Below is Caumsett's eastern or service elevation. The main drive is out of sight to the left; the Sound is to the right. The exterior stairs are in their original position, but the porch to which they once led has been truncated and the wing to which that porch was attached demolished. The concrete retaining wall on the left marks the line of the demolished servants' wing, which extended to the foot of the stairs.
Inside the front door is a marble floored foyer.
The ladies' dressing room is to the left, the gents' to the right, both virtually intact. The wall tiles look ordinary to today's eye, but they were quite modern for the 1920s.
Caumsett's central axis extends from the foyer through the entrance hall, and terminates in the middle of what's identified on the plan as a loggia. This is a term bandied about recklessly in the real estate world. Technically, a loggia is a covered porch, usually on an upper floor, and usually with three enclosed sides. This loggia ain't any of the above, but if J.R. Pope called it that, we will too.
The view below is of the entrance hall, looking east. The main stair is beyond the arch; the foyer and the main entrance are through the door on the right; the loggia is beyond the glass doors on the left.
You want to know how big this place is? That's not Mini-Me; I'm 6'1".
The loggia would have been full of potted palms and wicker, and with its glass doors thrown wide to admit soft summer breezes, it would have had a delicious outdoor feel to it.
Here's the main stair, located beyond the arch we saw in the entrance hall. Beyond it there's a glimpse of one of the french doors to the loggia. The door on the right used to go to the gun room.
O'Connor & Delaney converted the old gun room into the new dining room. This is so wrong.
In the vintage view of the stair hall below, the gun room is behind the wall on the left and the formal dining room is beyond the double doors ahead, doors which are now gone.
Years ago, in a moment of career delusion, I took a screen writing seminar called Robert McKee's Story Structure. One thing I learned from McKee was that every setup requires a payoff, and not just in writing. Caumsett's original dining room was an appropriate payoff to the setup of walking inside this house. Its successor is not. Note the two windows in the second image below, which overlook the Sound.
Among the many indignities visited upon big old houses are designer showcases. The pantry and kitchen in the images below date from a singularly egregious one in 1978. O'Connor & Delaney's 1950 kitchen and pantry, for which Pope's dining room was demolished, might not have been great, but they had to have been better than this. One of the dining room windows illustrated above is now located above the pantry sink; the other is out of sight on the left side of the kitchen. The kitchen stove stands approximately on the site of the dining room fireplace.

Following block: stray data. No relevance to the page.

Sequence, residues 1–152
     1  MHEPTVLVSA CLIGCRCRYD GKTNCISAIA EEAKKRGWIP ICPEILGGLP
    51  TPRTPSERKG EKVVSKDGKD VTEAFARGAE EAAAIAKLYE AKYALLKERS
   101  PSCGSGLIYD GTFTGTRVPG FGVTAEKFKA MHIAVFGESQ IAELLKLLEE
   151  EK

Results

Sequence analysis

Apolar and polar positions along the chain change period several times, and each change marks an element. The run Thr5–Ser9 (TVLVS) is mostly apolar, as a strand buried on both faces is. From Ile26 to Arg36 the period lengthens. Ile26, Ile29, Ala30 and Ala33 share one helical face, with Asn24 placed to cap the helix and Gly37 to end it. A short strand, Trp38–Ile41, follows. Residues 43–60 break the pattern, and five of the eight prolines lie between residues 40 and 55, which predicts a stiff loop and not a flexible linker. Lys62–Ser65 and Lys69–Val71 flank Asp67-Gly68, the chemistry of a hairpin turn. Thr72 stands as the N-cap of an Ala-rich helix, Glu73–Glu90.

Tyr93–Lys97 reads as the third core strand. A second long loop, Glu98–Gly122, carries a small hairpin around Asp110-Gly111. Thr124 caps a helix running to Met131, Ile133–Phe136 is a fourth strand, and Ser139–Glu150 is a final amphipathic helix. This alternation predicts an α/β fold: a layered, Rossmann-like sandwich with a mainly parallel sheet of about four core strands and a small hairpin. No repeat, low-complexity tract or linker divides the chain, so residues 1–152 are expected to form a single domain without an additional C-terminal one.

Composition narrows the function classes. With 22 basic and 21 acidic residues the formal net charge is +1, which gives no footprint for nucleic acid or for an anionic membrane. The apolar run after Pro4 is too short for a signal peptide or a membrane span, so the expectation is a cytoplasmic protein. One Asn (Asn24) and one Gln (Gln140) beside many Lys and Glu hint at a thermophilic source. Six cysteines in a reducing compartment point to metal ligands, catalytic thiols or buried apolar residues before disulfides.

The original kitchen, servant hall, pantries, etc. were located in the service wing that extends eastwards to the now demolished servants' quarters. A long dingy corridor lined with locked storage rooms runs down the middle of it today. The breakfast room, seen in the image below, has survived the adjacent carnage.
The breakfast room is beyond the arches in the image below. We're heading in the other direction, however, toward the arch at the western end of the entrance hall. The biggest payoff to Caumsett's big setup was its grand living room, located in the now demolished west wing. It was probably almost 60 feet long, with tall windows on three sides and a noble fireplace. The living room was connected to the entrance hall by a corridor, which in turn was flanked by a library facing the drive and a card room facing the Sound.
Here's the original library, also demolished in 1950. The space was combined with the adjacent corridor to make a new living room, smaller than the original but bigger than the old library. The doors to the left of the fireplace went to the old living room; they've become a french window. The fireplace has been relocated slightly to the right and flanked with another window. The new living room, seen in the second image below, is pleasant, if uninspired.
The view below is of the northern end of the new living room, looking east towards the entrance hall. This area was formerly the corridor connecting the entrance hall with the demolished living room. The original card room, behind the wall on the left, was converted into a new and smaller library. Its wood paneling at some point got painted, perhaps during the showcase.
Time to retrace our steps to the other side of the entrance hall and head upstairs. I wondered if the stark white dado beneath the faux painted walls was the work of some designer. Apparently not, judging from vintage views. I also wondered about the drum at the foot of the stairs in the vintage photo below. Could it have been from the famous Circus Party of 1932, given by the second Mrs. Field for 1200 invited guests?
Nine (originally eleven) bedrooms extend in two directions from the second floor landing. Let's first go east.
Some of the en suite bathrooms are partly dismantled, but most are largely intact.
The linen room looks the way it always has. The servants' stair, despite a bit of decorator tarting up, is also unchanged. The open door in the stair hall leads what the original floor plan identifies as the "Children's Hall."